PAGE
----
(47) where the ratio X/X0 is called magnification factor. and the other symbols. assume the meaning previously explained. The magnification factor. can be considerably greater than, equal to, or less. than the unit. Figure 1.11 plots a representation of equation [1.57] for different values of the damping factor .. Fig. 1.11 – Magnification factor κ versus frequency ratio r for various values of damping factor ζ. The figure shows that a reduction in the value of the magnification factor κ, and of the amplitude, is only possible for high values of the frequency ratio r. That is when the forcing frequency system. is bigger than the natural frequency of the. . At resonance, when r is equal to one, magnification factor is limited. only by the damping factor ζ. In other words, the amplitude of vibration is only limited by the presence of damping in the system. Without damping, the amplitude is theoretically infinite, and for low values of the damping factor ζ (up to 0.4) amplification is still present. A damping factor of nearly 0.6 is necessary to reduce the oscillations. Furthermore, since the excitation is given as a periodic input [F0 sin (ωf t)] and the steady state response is proportional to [sin (ωf t – ψ)], the excitation and the response do not attain their maximum values at the same time. Equation [1.58] supplies a measure of this difference and Figure 1.12 plots the trend of the phase angle ψ in function of the frequency ration r in systems having different damping factors ζ.. 27.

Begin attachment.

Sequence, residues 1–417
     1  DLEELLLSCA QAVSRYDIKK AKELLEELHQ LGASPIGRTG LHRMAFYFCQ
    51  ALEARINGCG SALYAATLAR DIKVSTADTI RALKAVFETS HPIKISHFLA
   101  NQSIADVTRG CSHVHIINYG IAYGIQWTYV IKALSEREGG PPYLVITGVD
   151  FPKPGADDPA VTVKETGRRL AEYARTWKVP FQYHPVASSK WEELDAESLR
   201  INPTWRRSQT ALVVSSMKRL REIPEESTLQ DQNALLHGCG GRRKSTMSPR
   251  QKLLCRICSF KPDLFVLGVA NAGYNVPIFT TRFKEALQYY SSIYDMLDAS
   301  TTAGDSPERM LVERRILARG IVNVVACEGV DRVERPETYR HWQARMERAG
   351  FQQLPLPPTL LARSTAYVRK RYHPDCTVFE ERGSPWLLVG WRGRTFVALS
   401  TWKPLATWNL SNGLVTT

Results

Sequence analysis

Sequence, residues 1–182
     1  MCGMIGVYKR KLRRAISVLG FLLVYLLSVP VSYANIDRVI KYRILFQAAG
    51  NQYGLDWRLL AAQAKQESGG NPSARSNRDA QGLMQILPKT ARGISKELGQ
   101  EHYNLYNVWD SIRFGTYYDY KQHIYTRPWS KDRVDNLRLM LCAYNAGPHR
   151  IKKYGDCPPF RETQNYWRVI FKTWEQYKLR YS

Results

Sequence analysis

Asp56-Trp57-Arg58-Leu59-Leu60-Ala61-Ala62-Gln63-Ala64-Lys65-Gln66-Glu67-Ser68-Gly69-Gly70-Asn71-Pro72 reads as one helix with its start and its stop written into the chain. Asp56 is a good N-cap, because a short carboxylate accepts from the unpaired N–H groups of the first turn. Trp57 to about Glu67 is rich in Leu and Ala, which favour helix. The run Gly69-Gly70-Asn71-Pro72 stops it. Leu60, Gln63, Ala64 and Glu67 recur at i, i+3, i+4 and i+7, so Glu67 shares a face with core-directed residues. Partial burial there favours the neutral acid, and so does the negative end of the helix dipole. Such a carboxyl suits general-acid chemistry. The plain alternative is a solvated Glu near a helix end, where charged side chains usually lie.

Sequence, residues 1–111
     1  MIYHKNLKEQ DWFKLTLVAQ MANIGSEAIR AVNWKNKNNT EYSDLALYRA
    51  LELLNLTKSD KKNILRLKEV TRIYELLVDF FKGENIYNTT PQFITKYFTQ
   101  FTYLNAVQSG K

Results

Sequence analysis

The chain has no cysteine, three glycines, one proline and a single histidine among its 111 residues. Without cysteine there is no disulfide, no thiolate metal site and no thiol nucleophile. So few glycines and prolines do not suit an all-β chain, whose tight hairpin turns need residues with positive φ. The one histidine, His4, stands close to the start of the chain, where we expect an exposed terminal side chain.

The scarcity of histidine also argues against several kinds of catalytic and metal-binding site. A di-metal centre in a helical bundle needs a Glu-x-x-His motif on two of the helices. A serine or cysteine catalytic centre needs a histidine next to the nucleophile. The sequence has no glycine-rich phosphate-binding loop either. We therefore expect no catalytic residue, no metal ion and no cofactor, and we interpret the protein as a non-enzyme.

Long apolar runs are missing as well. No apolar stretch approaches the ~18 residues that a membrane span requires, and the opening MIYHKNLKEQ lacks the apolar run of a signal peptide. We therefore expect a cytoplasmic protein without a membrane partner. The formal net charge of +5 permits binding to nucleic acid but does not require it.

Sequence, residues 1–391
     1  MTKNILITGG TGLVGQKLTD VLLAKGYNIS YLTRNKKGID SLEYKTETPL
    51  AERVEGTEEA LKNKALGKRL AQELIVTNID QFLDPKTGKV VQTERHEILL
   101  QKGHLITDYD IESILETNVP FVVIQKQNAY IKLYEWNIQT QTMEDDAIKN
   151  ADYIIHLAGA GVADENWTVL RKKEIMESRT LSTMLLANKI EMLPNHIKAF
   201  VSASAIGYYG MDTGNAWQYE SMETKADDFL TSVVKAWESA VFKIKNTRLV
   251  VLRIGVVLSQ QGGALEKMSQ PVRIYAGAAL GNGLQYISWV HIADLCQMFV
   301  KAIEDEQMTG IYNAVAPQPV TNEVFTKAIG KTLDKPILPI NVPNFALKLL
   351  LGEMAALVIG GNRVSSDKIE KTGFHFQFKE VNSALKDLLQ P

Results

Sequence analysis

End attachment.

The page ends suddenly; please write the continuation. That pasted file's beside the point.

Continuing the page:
(48) Fig. 1.12 – Phase angle ψ versus frequency ration r for various values of damping factor ζ. Variations in the phase angle are caused by the presence of damping in the system. Without damping, the phase angle is equal to zero for values of r smaller than one, and it is equal to π for r bigger than the unit. Instead, at resonance (r = 1), the phase angle is always equal to π/2 for every value of the damping factor ζ. Another aspect, that it is worth pointing out, is the influence spring stiffness k and mass m have on the system. Changes in mass and stiffness determine changes in the frequency ratio ( ⁄ 2. ⁄. ⁄. ) and in the damping factor ζ (. ). In addition, a change in k implies a change in the value of X as. well. These changes can be highlighted plotting the trend of the amplitude X in function of the spring stiffness k for different values of damping c as shown in Figure 1.13. It is observed that amplitude reductions can be obtained for high values of the stiffness k.. Fig. 1.13 – Amplitude X of the oscillation with different values of stiffness k. 28.